Frequently Asked Questions
- I’m confused, because I see two values on this notice. What is Market Value?
- And, what is Appraised Value?
- You said “Taxable Value,” but that isn’t on this notice. What is Taxable Value?
- Why is my Market Value higher than my Appraised Value?
I’m confused, because I see two values on this notice. What is Market Value?
Market Value is determined by the real estate market, as of January 1 for the Tax Year at issue. It’s the amount for which a willing buyer and willing seller would convey the property in an arms-length transaction on the open market. Market Value is the only value on which you can file a property tax protest.
And, what is Appraised Value?
Appraised Value is the is the starting point for calculating your Taxable Value. The Appraised Value can be capped or limited by filing certain exemptions, such as a homestead or over-65 exemption. Appraised Value can never be higher than Market Value, and Tarrant Appraisal District (TAD) will raise your Appraised Value every year until it reaches Market Value.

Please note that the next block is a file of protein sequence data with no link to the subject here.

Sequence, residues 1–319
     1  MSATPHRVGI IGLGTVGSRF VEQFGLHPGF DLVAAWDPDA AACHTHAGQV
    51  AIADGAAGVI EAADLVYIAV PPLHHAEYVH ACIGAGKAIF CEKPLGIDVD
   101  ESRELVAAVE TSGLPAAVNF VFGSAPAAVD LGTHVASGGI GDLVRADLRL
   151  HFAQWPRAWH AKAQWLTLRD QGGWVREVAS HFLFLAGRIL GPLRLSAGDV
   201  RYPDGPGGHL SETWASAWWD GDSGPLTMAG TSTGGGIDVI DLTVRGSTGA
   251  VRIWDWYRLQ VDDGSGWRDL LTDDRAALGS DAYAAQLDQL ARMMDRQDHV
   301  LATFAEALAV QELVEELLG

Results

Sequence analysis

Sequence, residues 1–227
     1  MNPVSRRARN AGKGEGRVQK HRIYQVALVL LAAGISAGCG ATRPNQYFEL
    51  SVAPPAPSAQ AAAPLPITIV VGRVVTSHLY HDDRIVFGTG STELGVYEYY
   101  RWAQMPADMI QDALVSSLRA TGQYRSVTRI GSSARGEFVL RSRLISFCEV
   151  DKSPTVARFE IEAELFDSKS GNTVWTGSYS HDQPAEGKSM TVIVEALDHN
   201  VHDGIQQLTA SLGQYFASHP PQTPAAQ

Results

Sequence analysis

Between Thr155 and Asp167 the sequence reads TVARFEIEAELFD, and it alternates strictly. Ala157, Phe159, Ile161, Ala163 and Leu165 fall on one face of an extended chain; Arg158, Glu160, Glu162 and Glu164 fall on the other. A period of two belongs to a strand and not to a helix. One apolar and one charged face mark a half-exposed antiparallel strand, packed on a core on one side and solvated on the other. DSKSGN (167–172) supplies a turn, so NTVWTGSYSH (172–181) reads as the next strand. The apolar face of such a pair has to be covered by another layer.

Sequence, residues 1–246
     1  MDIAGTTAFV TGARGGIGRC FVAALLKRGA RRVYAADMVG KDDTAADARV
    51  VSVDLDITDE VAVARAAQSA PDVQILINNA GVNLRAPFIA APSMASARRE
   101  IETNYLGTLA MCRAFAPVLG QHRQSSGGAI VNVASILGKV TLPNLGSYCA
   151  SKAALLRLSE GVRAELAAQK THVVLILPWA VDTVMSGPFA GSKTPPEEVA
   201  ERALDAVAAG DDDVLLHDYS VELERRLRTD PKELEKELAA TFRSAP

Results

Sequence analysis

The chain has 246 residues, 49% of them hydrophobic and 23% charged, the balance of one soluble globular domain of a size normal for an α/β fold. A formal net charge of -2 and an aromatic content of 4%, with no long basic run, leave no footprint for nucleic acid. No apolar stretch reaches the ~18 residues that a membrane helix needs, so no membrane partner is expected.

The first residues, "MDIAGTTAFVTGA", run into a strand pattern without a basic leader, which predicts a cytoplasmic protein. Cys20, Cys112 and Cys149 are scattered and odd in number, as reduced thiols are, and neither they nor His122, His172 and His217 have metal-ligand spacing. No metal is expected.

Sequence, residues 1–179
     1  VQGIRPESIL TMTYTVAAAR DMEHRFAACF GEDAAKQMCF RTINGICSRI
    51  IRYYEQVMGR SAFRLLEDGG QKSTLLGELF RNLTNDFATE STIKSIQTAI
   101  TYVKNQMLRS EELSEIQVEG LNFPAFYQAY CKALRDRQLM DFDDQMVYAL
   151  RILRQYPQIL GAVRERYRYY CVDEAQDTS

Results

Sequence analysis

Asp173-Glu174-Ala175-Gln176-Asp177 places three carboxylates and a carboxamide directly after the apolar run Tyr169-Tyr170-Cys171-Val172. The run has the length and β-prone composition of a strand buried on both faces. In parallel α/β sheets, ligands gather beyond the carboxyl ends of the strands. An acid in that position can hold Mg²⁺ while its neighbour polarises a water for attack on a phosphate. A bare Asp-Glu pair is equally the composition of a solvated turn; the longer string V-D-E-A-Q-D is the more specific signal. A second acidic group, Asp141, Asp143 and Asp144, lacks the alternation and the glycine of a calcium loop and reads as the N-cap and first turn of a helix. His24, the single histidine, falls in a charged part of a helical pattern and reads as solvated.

You said “Taxable Value,” but that isn’t on this notice. What is Taxable Value?
Taxable Value is Appraised Value, less exemptions. This value is multiplied by your combined tax rate to determine your tax liability.
Why is my Market Value higher than my Appraised Value?
If your Appraised Value is less than your Market Value, you likely have a homestead exemption in place, which caps the amount TAD can raise your Appraised Value each year by 10%. TAD will continue to raise your Appraised Value by the full 10% every year until your Appraised Value reaches Market Value. That means your tax liability will increase every single year until your Market Value and Appraised Value are the same amount.
This is why it is so important to file a property tax protest every year to try to keep your Market Value and Appraised Value as close to the same amount as possible, to prevent future increases and also to increase your likelihood of having a successful property tax protest that reduces your tax liability, now and in the future.
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This is not intended to be legal advice or a substitute for legal advice, nor is it intended to deter you from contacting the firm with your questions. If you have questions, do not hesitate to reach out!